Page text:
Proof
How could we prove that Leibniz Equality and ML Identity are the same?
Example of NatOne appoach is to represent each number by its Church encoding. Consider all functions out of Nat. About the simplest, nontrivial type to map to we could think of is 2 (bool without any functions). So limit ourselves to: Nat>Bool We can use all possible functions of this type so, if we consider each natural number coded in binary there are function values of this type which pick out each digit. 

So there is a list (ordered set) of such functions corresponding to each integer. So there is a type family for every value of Nat. Does this get us anywhere? 
Leibniz Equality and Parametricity
T : Type >Type TA = (X: Type) > (A>X) > X types A and T A are isomorphic 
paramT : (t: TA)>(X X' : Type) (R:X>X′>Type) > (k:A>X) (k':A>X') (kR: (a:A) > R(k a) (k' a)) > R (t X k) (t X' k') 
Leibniz Equality and Extensionality
Two functions are equal if they map equal values to equal results.  ext : {A: Type} {B:A>Type} {f g: (a:A)>B a} > ((a:A) > f a=g a)>f=g 
Pullback as a Type
Is given by the dependent sum over the dependent equality type ncatlab:
P=Σ_{a:A}Σ_{b:B}(f(a)=g(b))
Leibniz Equality as an Adjunction
Leibniz Equality
The identity of indiscernibles is a principle that states that there cannot be separate (nonequal) objects or entities that have all their properties in common.  Given any x and y, then x = y if and only if, given any predicate P, P(x) if and only if P(y). (P(x) if and only if P(y)).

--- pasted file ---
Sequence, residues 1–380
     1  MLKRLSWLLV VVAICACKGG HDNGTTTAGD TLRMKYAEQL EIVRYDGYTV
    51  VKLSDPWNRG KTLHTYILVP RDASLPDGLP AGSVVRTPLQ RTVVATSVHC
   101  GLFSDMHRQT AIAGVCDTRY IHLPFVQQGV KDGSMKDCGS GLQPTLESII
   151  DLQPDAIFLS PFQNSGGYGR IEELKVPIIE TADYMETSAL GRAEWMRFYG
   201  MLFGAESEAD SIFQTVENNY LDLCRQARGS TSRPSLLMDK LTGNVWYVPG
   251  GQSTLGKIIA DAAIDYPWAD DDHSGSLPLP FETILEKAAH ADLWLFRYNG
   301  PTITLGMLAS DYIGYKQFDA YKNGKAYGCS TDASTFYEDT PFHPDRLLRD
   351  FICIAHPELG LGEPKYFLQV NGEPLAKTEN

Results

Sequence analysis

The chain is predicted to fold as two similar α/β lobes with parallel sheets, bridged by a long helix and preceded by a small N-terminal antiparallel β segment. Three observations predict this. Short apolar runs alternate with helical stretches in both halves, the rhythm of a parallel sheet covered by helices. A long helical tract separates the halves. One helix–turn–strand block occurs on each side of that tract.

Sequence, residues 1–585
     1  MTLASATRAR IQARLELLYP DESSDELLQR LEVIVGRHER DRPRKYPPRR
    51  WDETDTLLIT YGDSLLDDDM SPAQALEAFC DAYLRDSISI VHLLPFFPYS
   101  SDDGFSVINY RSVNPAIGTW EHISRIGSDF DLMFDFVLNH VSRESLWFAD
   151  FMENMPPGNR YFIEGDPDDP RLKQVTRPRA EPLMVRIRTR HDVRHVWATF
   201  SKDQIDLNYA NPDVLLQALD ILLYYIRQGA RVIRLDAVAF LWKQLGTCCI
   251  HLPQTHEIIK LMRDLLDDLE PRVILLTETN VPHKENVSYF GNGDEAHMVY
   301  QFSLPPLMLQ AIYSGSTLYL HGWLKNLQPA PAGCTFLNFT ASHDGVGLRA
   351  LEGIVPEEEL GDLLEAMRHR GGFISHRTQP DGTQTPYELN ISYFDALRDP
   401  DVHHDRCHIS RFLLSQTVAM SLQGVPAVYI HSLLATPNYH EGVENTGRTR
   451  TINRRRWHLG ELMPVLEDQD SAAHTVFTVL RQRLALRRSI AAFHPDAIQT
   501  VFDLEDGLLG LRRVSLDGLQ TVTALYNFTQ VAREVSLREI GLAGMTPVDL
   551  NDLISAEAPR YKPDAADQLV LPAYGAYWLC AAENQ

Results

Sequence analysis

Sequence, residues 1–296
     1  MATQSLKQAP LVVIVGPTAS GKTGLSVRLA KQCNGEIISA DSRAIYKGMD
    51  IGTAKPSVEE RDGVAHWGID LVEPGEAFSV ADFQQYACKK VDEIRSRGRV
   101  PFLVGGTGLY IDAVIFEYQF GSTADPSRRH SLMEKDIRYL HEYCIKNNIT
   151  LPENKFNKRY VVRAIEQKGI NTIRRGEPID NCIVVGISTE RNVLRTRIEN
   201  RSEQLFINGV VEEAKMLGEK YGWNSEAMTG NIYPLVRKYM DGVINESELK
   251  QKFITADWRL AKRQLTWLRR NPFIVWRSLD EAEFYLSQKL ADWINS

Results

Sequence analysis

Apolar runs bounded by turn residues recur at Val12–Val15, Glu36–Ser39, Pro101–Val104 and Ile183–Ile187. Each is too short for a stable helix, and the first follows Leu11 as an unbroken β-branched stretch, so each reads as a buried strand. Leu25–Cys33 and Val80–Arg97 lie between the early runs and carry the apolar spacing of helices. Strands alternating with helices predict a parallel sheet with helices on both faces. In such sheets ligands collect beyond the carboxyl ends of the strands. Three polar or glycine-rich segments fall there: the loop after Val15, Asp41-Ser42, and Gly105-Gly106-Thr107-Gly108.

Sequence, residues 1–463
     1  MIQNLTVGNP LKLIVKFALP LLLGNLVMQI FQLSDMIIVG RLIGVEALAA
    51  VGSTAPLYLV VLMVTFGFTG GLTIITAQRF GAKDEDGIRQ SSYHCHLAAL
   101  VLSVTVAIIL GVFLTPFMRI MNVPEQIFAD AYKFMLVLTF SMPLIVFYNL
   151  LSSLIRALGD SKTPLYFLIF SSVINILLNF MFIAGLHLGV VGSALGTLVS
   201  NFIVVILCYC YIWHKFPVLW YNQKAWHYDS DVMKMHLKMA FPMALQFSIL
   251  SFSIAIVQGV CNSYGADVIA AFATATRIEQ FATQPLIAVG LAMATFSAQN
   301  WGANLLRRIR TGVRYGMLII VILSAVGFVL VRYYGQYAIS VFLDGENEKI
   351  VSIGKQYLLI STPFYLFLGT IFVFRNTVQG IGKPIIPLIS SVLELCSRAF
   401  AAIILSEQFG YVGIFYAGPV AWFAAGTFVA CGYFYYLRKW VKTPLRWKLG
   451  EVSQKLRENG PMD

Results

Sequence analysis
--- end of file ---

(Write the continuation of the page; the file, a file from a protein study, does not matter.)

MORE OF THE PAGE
Leibniz Equality and Propositional Equality
In this context Leibniz equality and propositional equality are the same. There are conversions which allow us to prove one equality from the other.
In the special case where we have parametricity and functional extensionality then Leibniz equality is isomorphic to propositional equality although we are working with intentional type theory so we don't require that.
Here we model predicates of elements of 'A' as a type family 'C' over it. 

Here we not only consider whether x=y but also the evidence for it given by p. That is, we distinguish between the way things are equal. To do this we work in terms of function 'f'. 
f : Π_{x,y:A} Π_{p:x=y} C(x) > C(y) 
Given a family C: Π_{x,y:A} (x =_{A}y) > U and a function c: Π_{x:A} C(x,x,Refl) there is a function f : Π_{x,y:A} Π_{p:x=y} C(x,y,p) such that f(x,x,Refl) ≡c(x) 
This gives rise to the elimination rule 'J' for propositional equality.
Γa:T  Γb:T  Γa=b  Γc(x) : C(x,x,Refl)  ΓC(x,y,x=y):Type  
ΓJ (a=b,c) : C(a,b,Refl) 
An Example in Natural Numbers
How can we prove that n=n+0 where n is a natural number?
To do this we would have to be able to constuct an equality type like this:
Refl:(n=n+0)
Is this definitionaly equal? For that to be the case then both sides of the equation 'n' and 'n+0' would have to normalise to the same thing. So does 'n+0' normalise to 'n'? This would depend on the implementation details but lets assume here that it doesn't.
So we need to prove its propositionally equal. A is Nat C is n > (n=n+0) 
Identity (Propositional Equality) Constructor
If we have an identity type 
x = x : Type 

then we can construct it with a simple constructor with no parameters 
Refl : x = x 
That is, if x=x is inhabited by Refl that constitutes a proof that x=x.
However this hides a lot of complexity, if we use the same symbol on both sides of the equation  what does that mean? We might say that the meaning comes from the deconstuctor but how is this all implemented?
In some ways we could think of rewrite as like a second constructor for an equality type. So it behaves a bit like an inductivly defined type where Refl can construct a definitional equality on its own but requires the help of rewrites to 
Identity (Propositional Equality) Deconstructor/Eliminator
There are also two possible deconstructors/eliminators known as J and K. (K does not apply to some flavors of type theory) In the same way that, in Leibniz equality, equal terms have equal properties we can now consider properties of equalities.